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Part 2: C programming for 8051 using KEIL IDE
Posted on May 8, 2008, by Ibrahim KAMAL, in Micro-controllers, tagged

If not simpler, the version of the C programming language used for the microcontroller environment is not very
different than standard C when working on mathematical operations, or organizing your code. The main difference is
all about the limitations of the processor of the 89S52 microcontroller as compared to modern computers.

however. it takes several steps depending on the tool you are using.A shows that to convert a C program to machine language.A There are several types of HEX files. you will have to refer to the following table: Data Type bit signed char unsigned char signed int unsigned int Bits 1 8 8 16 16 Bytes – 1 1 2 2 Value Range 0 to 1 -128 to +127 0 to 255 -32768 to +32767 0 to 65535 .1.Even if you’re not very familiar with the C language. Logically. the main idea is to produce a HEX file at the end. that why they are called HEX files. Variables and constants Variables One of the most basic concepts of programming is to handle variables. This machine language is basically just zero’s and one’s and is written in Hexadecimal format. a variable that occupies a big number of registers in RAM will be more slowly processed than a small variable that fits on a single register. knowing the exact type and size of a variable is a very important issue for microcontroller programmers. figure 2. From the C program to the machine language The C source code is very high level language. There are two main design considerations to be taken in account when choosing the variables types: the occupied space in ram and the processing speed. meaning that it is far from being at the base level of the machine language that can be executed by a processor. because the RAM is usually limited is size. we are going to produce machine code in the INTEL HEX-80 format. Figure 2. since this is the output of the KEIL IDE that we are going to use. this tutorial will introduce all the basic programming techniques that will be used along this tutorial. It will also show you how to use the KEIL IDE. This HEX file will be then used by the ‘burner’ to write every byte of data at the appropriate place in the EEPROM of the 89S52. For you to chose the right variable type for each one of your applications.1.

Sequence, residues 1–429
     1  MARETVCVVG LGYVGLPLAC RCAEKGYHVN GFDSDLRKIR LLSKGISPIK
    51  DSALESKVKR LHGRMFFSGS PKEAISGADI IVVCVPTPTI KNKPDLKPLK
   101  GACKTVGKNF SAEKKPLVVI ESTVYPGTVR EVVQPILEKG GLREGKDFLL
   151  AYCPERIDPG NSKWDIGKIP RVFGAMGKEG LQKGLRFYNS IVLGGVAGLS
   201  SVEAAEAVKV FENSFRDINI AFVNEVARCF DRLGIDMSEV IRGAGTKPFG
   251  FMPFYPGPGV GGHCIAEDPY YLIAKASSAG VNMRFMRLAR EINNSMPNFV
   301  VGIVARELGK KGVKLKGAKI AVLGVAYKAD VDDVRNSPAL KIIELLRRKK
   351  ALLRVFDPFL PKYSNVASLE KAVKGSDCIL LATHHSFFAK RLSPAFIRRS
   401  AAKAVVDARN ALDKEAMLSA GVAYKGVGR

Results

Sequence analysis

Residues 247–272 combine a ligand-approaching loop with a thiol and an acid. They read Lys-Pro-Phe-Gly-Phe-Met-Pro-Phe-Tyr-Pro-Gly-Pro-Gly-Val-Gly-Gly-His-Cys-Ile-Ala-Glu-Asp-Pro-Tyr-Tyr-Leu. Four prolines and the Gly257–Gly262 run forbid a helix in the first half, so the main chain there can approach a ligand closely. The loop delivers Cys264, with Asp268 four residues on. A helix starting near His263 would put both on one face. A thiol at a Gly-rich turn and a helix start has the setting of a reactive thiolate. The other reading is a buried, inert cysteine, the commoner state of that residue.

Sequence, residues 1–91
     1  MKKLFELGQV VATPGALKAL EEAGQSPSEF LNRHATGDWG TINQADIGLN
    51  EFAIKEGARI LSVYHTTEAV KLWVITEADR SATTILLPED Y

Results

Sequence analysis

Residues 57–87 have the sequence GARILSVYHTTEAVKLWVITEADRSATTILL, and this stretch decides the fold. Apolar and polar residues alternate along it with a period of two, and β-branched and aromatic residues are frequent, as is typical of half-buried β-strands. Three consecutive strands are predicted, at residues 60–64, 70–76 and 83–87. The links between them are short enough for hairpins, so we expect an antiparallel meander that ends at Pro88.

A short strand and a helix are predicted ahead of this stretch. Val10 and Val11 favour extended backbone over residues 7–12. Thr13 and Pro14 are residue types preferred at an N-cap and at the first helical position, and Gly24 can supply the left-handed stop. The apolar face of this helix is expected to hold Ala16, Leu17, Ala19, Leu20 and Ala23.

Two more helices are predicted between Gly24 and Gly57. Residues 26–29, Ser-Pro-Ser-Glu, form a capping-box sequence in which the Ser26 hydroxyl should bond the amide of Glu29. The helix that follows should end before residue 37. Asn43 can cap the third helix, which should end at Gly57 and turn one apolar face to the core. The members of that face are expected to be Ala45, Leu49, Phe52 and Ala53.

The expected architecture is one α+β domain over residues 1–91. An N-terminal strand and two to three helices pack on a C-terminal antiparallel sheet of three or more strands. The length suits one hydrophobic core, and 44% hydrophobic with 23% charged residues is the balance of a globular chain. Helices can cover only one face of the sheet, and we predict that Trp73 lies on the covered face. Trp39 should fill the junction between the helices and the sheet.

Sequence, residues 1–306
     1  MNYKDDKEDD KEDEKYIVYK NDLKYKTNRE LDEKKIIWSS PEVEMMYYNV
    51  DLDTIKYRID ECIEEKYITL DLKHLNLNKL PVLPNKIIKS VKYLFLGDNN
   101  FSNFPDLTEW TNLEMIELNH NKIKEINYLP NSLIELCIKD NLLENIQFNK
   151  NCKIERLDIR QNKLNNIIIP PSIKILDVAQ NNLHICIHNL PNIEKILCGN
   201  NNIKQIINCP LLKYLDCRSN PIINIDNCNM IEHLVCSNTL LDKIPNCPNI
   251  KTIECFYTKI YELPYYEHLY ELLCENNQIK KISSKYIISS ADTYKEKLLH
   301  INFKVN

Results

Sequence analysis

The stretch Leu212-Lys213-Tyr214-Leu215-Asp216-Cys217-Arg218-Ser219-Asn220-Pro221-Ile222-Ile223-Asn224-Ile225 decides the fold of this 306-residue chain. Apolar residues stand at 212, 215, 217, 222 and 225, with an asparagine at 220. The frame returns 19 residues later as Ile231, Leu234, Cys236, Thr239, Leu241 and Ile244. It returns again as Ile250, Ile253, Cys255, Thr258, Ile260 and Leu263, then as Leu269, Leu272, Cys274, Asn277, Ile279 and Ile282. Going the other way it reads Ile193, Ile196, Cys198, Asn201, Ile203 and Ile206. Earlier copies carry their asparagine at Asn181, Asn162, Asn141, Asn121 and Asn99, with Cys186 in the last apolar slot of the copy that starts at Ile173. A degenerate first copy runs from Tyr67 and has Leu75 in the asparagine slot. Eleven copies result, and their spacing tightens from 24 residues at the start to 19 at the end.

but both will occupy the same exact space in memory. the program is trying to store ‘-100 ′ in ‘c’. the results can be sometimes totally un-expected. from ’255 + 1′ giving ’156′. signed char d. any code line is ended with a semicolon ‘. example: display[0] = 100. On the other hand. Note that in the C programming language. d = a . because it is a ‘signed’ variable. noting that each byte will fit into a register. and the major difference between the two types is the range.’.175494E-38 to ±3. The names of the variables shown in the table are the same that are going to be used in the program for variables declarations. Each one of them is accessible by its number.c. its range of values is from ’0 to 255′ so. b = 200. any variable have to be declared to be used. and one ‘signed char’ and then perform some simple operations: unsigned char a. each one can be called by a specific number. c = a . will attribute a specific location in the RAM or FLASH memory to that variable. and when a the value to be stored in a variable is bigger than the maximum value range of this variable. for example an array can be declared this way: char display[10]. the concept of a variables ‘array’ can also be used for microcontrollers programming. will cause the the variable to overfow. This will create a group of 10 variables. trying to store a value below zero.402823E+38 This table shows the number of bits and bytes occupied by each types of variables. Like in any programming language. To understand the difference between those types. it overfows and rolls back to the other limit. because sometime. but since ‘c’ is unsigned. The size of that location will depend on the type of the variable that have been declared. even if the compiler doesn’t halt on that error. Generally. You will notice that most variables can be either ‘signed’ or unsigned ‘unsigned’. Back to our example. .b. because the variable ‘c’ is an unsigned type. Declaring a variable. except for the lines ending with brackets ‘{‘ ‘}’. Note that in C programming language. and the compiler will subtract the ‘-100′ from the other limit plus 1.b. consider the following example source code where we start by declaring three ‘unsigned char’ variables. We add 1 to the range because the overfow and roll back operation from 0 to 255 counts for the subtraction of one bit.signed long unsigned long float 32 32 32 4 4 4 -2147483648 to 2147483647 0 to 4294967295 ±1. we try to avoid storing value that are out of range.b. an array is like a table or a group of variables of the same type. a = 100. In that program the values of ‘c’ will be equal to ’155′! and not ‘-100′ as you though. the value of ‘d’ will be equal to ‘-100′ as expected.